Sustainability Effects are Pure Gold

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For British designer Alan Short, it was a dream project.  For the wall and roofing panel installers at Wiesbrook Sheet Metal in Plainview, IL, it was definitely a challenge.

Judson University, Elgin IL, needed a new facility to house its expanding Benjamin P. Browne Library as well as its fledgling architecture program – a building that would draw (no pun attended) both attention and acclaim.  Judson’s first step was to conduct a competition to select the best design that met the University’s specifications.  Short & Associates of London was selected for the design, as well as the firm’s experience in utilizing natural ventilation systems. 

The result was the first truly “green” college building in the United States.  And both design and execution have been reaping awards ever since. 

Performance of the wall and roofing panel phase fell to Wiesbrook Sheet Metal.  Every roof and wall panel on the three wings of the building was a custom cut and fit and in the case of the wall panels, custom fabricated.

McElroy Metal provided over 104,000 sq. ft. of 4’ x 10’ Flat Sheets with a Kynar 500 Copper Penny coating for the wall and trim, and over 24,700 sq. ft. of Medallion-Lok roof panels with a  Kynar 500 Ash Gray coating.  On site installation required over 12,000 hours, following more than 1,700 hours of shop prep.  It was the largest roofing project that Wiesbrook had ever undertaken, more than three times larger than the company’s last school.

Wiesbrook has only rave comments for general contractor, Shales McNutt of Elgin.  “They were absolutely great to work with.”

The main building is basically made of concrete.  Exterior walls sit about four feet away from the basic cement building and this is the space used for the natural ventilation. Readers will note the natural ventilation shafts by glancing at this article’s pictures.  The space between the inset windows is the open shaft that utilizes the natural tendency of warm air to rise.  This creates a vacuum, which draws cool air in at the bottom, circulates it and exhausts it through rooftop ventilators.  Air on each floor is drawn laterally by the upward pressure of the stacks.    Many ceiling and walls are exposed to radiate coolness or warmth.  A basic mechanical heating and cooling system provides essential temperature control during the months when the natural mode isn’t possible.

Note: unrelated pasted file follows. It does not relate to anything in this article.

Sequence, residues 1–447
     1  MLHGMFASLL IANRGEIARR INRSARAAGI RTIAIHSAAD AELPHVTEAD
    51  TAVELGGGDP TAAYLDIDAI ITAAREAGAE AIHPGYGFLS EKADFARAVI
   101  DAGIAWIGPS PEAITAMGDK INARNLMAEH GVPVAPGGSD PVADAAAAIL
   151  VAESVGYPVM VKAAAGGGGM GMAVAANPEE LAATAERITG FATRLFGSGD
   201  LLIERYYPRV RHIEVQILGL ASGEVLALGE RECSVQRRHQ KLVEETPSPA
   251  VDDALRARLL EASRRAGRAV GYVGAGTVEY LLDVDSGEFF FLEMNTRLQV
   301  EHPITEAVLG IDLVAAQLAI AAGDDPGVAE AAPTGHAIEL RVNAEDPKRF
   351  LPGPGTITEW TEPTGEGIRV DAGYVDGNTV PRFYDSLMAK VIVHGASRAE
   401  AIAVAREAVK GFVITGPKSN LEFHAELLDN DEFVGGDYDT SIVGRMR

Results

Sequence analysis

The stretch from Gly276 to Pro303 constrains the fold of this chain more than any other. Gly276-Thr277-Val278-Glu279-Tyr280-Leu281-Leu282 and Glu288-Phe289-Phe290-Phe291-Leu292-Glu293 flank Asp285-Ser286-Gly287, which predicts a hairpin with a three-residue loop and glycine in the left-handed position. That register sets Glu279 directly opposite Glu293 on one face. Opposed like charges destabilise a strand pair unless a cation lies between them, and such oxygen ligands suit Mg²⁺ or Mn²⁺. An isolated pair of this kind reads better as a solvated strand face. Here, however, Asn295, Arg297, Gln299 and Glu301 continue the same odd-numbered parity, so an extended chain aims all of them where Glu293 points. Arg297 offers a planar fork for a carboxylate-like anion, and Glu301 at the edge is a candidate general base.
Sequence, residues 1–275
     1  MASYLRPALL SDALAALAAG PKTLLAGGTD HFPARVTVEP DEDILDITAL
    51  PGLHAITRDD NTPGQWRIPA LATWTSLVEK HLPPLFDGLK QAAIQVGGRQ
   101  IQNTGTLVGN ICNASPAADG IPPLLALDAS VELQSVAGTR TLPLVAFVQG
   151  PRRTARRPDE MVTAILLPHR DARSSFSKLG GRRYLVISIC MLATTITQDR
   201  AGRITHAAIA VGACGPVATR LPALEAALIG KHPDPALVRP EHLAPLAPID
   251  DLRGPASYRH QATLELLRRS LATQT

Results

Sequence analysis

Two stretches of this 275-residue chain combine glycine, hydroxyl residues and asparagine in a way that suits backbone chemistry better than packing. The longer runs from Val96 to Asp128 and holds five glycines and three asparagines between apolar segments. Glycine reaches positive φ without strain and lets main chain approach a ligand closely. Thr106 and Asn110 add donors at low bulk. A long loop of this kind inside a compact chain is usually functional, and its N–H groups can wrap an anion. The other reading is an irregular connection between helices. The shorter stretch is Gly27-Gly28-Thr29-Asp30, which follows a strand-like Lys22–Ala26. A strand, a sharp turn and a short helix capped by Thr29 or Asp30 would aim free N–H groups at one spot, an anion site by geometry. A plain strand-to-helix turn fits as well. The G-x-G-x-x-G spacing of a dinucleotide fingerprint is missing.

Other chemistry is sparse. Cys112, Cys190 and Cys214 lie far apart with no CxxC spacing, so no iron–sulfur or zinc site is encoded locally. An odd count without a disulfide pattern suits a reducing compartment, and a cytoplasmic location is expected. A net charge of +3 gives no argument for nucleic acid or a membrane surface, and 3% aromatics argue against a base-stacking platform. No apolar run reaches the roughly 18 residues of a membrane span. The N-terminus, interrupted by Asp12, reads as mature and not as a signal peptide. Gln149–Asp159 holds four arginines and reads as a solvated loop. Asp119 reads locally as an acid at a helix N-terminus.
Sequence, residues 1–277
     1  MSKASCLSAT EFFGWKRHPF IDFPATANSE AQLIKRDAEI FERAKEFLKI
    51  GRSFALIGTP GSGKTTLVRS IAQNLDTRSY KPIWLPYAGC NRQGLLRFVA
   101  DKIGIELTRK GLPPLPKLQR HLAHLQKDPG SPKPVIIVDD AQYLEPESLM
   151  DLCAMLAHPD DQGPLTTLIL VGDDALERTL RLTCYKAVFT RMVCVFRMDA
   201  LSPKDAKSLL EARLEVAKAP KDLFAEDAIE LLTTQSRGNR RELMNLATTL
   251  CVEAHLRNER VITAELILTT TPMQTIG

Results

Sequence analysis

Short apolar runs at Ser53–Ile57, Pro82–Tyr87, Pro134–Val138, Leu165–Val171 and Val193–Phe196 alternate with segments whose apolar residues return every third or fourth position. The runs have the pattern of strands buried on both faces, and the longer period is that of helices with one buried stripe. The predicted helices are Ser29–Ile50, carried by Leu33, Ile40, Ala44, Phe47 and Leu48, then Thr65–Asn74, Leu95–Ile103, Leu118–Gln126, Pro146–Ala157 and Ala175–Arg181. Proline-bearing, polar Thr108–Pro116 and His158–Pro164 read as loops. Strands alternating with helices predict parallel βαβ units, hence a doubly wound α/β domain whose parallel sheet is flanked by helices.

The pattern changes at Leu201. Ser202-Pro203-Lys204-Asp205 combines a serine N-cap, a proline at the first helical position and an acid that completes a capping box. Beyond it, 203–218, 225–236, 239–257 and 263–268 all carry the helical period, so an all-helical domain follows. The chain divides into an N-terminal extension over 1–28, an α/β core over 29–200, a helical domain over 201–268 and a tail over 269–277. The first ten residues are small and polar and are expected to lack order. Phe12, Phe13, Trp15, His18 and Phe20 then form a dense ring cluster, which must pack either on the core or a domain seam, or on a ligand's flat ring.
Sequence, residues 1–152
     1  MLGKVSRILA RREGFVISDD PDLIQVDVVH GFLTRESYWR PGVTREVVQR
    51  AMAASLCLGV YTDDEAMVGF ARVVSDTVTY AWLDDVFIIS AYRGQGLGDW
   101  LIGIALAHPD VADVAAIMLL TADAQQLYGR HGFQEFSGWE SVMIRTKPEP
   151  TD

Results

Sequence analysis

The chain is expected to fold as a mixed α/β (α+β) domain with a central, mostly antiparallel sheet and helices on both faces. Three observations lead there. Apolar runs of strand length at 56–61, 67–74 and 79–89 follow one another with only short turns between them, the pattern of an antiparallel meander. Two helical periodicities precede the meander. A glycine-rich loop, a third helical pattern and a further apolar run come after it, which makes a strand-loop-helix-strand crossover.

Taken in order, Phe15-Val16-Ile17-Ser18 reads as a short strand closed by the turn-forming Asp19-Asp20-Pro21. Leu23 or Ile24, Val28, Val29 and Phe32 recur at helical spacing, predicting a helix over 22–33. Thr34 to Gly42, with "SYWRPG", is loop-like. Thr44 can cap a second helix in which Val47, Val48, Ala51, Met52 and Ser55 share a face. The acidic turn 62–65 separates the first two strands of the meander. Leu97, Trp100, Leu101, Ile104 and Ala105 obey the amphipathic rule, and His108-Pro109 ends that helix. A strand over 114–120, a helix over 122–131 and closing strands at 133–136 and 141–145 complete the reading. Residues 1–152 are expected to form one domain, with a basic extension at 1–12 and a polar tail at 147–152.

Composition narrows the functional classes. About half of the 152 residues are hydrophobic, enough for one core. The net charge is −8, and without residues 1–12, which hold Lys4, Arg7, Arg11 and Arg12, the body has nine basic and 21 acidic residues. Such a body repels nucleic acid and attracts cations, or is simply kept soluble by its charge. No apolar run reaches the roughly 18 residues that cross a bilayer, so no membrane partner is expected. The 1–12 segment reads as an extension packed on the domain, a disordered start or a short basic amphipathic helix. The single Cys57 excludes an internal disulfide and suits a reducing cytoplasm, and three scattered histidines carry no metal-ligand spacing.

In addition to its natural ventilation, the building also features an integrated photovoltaic system and other innovative recovery devices.  A recent article about the building in Midwest Construction magazine stated “this thermal recovery system has been calculated to reduce fossil fuel costs by 50% by optimizing the high solar gain periods of spring and fall.”  These and other experts say the building should achieve an LEED silver rating.

Burnidge Cassell Associates in Elgin provided the architectural oversight during the construction phase for contractor Shales McNutt, also of Elgin.  The architects made walk-bys twice every week of the project. 

The 88,000 sq. ft. building is divided into the three functions that the building serves.  The library/studios comprise one area; the classroom portion is shaped like

a bowtie; and last, the academic offices and studios which is shaped like a bar.

The project required 6 months from the mock-up until the actual installation of the wall and roof panels began, then 15 months to finish.    One wing was removed from the project because of budget constraints, but then added back on during the project.

Competitive bids were taken on all parts of the project.  Wiesbrook never found out if they were the low bid for the wall and roof panels.  It came down to three contractors that were asked to provide mock-ups and then the final decision was made to grant Wiesbrook the job.  They got the job not solely based on the mock up, but because the project manager was familiar with jobs Wiesbrook had completed in the area, the workforce that would be providing the installation, and the general reputation of the company.